After a few minutes of me pleading, she finally assured me that she wouldn’t get rid of the baby. She told me that though she wanted to please my Poppa, it was illegal, [back in 1956] and she didn’t want to do anything against the law.
Then, on the verge of tears, she blurted out, that my father hadn’t wanted me, or my sister, EITHER – because the hospital bill would be $350 – and that was a lot of money back then.
Wait a minute…
MY DAD WANTED ME TO BE AN ABORTION, TOO?
Those words fell like a knife deep into my heart. It was a terrible thing to tell a child, but my mom must have been in great distress to say it.
I adored my father – and when he’d hug me, it felt like heaven in his arms. He’d never never actually acted as though he’d wished we hadn’t been born – but the thought of it sent my world reeling.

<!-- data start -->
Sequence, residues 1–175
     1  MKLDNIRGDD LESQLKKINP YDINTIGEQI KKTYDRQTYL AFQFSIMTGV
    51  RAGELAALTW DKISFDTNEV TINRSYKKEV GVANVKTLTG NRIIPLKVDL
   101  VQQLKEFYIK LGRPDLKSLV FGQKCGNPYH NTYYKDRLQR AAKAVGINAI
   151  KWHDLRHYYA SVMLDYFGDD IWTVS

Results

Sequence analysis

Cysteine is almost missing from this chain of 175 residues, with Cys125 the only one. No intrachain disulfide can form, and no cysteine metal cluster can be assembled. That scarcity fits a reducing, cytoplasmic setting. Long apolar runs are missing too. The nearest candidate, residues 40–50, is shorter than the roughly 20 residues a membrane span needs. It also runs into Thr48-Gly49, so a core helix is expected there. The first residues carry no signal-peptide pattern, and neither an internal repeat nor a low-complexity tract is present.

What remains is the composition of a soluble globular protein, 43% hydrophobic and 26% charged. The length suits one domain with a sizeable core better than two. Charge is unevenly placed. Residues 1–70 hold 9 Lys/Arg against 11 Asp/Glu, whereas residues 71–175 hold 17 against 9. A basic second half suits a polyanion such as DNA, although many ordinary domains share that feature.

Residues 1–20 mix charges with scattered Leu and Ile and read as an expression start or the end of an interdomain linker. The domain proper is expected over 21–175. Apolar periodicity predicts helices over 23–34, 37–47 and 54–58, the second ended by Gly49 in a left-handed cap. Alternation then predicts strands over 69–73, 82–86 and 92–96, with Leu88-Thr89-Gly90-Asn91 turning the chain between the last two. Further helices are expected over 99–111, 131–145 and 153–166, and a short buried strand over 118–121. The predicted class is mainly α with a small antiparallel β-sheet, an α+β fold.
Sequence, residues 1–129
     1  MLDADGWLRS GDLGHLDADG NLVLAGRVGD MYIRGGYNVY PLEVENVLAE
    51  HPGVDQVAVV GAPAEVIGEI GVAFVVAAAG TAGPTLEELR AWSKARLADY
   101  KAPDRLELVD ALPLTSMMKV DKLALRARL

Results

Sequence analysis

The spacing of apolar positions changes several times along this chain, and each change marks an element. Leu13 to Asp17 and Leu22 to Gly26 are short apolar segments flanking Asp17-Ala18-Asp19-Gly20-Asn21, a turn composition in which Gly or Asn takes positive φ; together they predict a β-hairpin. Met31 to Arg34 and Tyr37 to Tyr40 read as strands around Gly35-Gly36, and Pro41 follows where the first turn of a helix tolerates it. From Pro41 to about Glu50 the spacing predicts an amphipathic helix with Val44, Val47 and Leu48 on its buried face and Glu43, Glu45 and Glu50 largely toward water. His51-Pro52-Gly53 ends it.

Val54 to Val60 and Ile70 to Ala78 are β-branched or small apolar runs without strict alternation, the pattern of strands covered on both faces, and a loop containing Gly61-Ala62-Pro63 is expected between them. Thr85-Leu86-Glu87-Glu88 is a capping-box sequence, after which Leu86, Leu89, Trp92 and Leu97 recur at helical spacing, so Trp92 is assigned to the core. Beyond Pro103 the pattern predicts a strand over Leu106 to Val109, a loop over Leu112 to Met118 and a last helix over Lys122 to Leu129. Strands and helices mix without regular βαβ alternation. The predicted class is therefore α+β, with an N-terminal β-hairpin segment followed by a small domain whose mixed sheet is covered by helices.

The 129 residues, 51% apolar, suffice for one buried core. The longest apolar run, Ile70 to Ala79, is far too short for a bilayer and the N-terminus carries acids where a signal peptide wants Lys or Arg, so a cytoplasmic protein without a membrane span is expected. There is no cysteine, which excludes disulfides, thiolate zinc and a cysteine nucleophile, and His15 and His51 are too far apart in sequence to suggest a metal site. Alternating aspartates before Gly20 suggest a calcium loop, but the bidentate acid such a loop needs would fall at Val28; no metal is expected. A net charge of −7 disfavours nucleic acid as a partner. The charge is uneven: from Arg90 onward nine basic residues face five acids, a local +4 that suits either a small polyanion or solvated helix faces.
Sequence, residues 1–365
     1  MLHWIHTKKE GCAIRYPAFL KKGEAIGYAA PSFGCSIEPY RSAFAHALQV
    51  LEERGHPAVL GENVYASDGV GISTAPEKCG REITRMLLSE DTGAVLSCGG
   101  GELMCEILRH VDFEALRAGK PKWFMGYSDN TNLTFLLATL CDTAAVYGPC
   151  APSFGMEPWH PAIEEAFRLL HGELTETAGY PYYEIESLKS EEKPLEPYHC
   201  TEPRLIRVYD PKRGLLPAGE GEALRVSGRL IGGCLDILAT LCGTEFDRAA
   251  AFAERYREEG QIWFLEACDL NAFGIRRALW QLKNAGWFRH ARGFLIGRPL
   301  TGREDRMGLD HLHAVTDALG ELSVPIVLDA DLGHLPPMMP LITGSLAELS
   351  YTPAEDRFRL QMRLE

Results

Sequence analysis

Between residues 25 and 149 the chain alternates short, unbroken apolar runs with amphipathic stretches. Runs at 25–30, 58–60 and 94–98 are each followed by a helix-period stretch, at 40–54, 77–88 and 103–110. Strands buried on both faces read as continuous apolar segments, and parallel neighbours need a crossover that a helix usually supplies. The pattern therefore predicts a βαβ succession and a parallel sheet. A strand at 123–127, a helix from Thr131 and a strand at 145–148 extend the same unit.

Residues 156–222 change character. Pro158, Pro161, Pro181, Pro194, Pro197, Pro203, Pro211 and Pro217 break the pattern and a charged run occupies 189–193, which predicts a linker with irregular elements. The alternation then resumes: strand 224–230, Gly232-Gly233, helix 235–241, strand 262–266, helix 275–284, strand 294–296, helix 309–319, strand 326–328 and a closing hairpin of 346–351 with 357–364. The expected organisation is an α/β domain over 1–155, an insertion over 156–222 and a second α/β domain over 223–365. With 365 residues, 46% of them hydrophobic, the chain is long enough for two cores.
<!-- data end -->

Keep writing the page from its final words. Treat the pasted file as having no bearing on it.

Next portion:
But from that moment on, I resolved to never need anything from him, or to be a burden to anyone. After all, I reasoned… people could kill you if they didn’t want you around, so I’d better be useful. I became the ‘always ready to help’ kind of kid, figuring if I was indispensable, they wouldn’t want to get rid of me.
And even after I grew up, if Poppa would ask if I needed anything, I would thank him – but politely refuse, because deep down inside, I still felt I would be a burden if I accepted.
My twig had been bent.
When my little brother was born, I kept my promise and did all I could to help my mother – by feeding, cleaning and watching him – even when I was tired, or wanted to do something else.
I’d tell myself, “Real mothers have to do this kind of stuff, so I’d better get used to it.”